Being a founder is a lonely experience. As Marc Randolph, Co-founder of Netflix, put it “You are working on something that no one believes in, that you’ve been told time and time again will never work. It’s you against the world.”
However, despite the inherent loneliness of the entrepreneurial journey, a crucial component of success is having the right support and community to keep you motivated as you move through difficult times. Support can range from a warm shoulder to lean on, to business support or professional psychological guidance.
To better understand who founders turn to and what kind of support they are actually looking for, we collected data from 400+ entrepreneurs from companies of all shapes and sizes (You can check out the full data here). What we found was somewhat predictable and also somewhat shocking, highlighting the need for an emotional connection over pure business support.
1. The number one support founders look for is a warm shoulder to lean on
Founders ranked their spouse and families as the first place they turn to for support. These individuals can provide a listening ear, emotional support and a sense of connection, which can be vital for founders as they navigate the ups and downs of the entrepreneurial journey.
But more than anything, family provides a place where entrepreneurs can be vulnerable. For a minute, they can finally stop selling. Stop selling the vision, the investment and the product. But more than anything, they can stop selling the story that they are superheroes that can achieve impressive goals under the most adverse conditions. They can go back to just being themselves.
However, it is important to recognize that while family and friends can be a valuable source of support, they often times don’t have the subject matter expertise or business knowledge to offer strong advice or solutions to the specific challenges faced by founders. This leaves founders alone to deal with the strategic business decisions that they are facing throughout the entrepreneurial journey, which are especially challenging given today’s economic climate.
2. A good business partner is not necessarily a good emotional partner
Cofounders who are able to work well together, communicate openly, and support each other create a strong foundation for the company. However, it is not uncommon for founders to struggle with openly sharing their stress and challenges with their cofounders.
Only 49% of founders reported that they turn to their cofounder to talk about their stress, a statistic that proves that good business partners are not always good emotional partners. Many are hesitant to burden their cofounder with their problems or feel that they have to maintain a positive image. For others there may be issues of trust or communication that prevent them from openly sharing their challenges.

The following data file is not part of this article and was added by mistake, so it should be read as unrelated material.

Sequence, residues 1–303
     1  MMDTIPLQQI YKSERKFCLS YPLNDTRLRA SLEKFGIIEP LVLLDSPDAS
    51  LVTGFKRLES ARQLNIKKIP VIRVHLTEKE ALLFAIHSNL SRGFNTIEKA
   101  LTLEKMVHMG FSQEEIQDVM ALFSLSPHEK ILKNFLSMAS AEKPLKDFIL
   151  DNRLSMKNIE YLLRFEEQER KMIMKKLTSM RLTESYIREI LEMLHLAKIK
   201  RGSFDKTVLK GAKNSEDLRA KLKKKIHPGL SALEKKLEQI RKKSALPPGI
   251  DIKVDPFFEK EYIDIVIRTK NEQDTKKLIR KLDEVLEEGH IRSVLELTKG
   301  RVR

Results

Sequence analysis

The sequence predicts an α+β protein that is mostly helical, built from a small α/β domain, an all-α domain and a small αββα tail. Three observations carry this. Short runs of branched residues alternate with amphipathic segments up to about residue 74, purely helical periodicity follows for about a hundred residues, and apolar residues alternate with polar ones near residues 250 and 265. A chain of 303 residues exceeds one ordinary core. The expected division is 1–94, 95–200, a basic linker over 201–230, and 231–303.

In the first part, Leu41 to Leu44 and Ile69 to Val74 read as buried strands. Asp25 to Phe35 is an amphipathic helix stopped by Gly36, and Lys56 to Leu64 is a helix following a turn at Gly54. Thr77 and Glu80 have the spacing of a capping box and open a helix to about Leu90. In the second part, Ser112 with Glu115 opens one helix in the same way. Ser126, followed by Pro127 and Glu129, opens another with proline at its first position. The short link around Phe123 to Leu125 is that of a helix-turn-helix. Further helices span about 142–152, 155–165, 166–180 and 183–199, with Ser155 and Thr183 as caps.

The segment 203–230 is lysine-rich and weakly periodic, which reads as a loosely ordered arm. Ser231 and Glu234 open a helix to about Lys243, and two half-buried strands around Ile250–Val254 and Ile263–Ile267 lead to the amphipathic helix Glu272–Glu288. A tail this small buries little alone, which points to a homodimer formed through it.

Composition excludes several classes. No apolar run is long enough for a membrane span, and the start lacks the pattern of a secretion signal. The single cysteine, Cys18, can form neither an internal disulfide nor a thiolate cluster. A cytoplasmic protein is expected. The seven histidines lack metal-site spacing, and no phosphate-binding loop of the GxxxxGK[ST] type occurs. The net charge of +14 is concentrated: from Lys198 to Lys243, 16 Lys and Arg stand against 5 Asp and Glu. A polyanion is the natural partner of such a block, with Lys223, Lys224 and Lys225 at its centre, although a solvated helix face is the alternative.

3. Professional support is lacking as there is still a stigma around seeking help
Therapy is a great resource for founders, helping them identify their core sources of stress and develop efficient tools for dealing with them. Despite the importance of seeking help, many founders do not access professional support, with some concerned about the stigma surrounding mental health and others too busy and overwhelmed to prioritize their own well-being.
The trend is true for both men and women, as the data shows that there is no gender gap, with roughly a quarter of founders of each gender accessing some sort of professional support.
What’s interesting is that despite the strikingly similar rates of accessing support, men believe that there is a much larger stigma around seeking any form of professional support. This raises a key question about why more women don’t seek support, especially if they don’t see a stigma associated with professional help.
4. Venture needs some serious self-reflection as they are ranked in last place
Only 10% of founders reported that they turn to their investors to talk about their challenges, ranking them in last place of the entrepreneurial support network.
What’s more worrying is that the majority of founders are not open with their existing investors, leaving the door open to surprises, a word that no investor wants to hear. 63% of founders reported that they are not very transparent or not transparent at all with their existing investors about their stress and failures.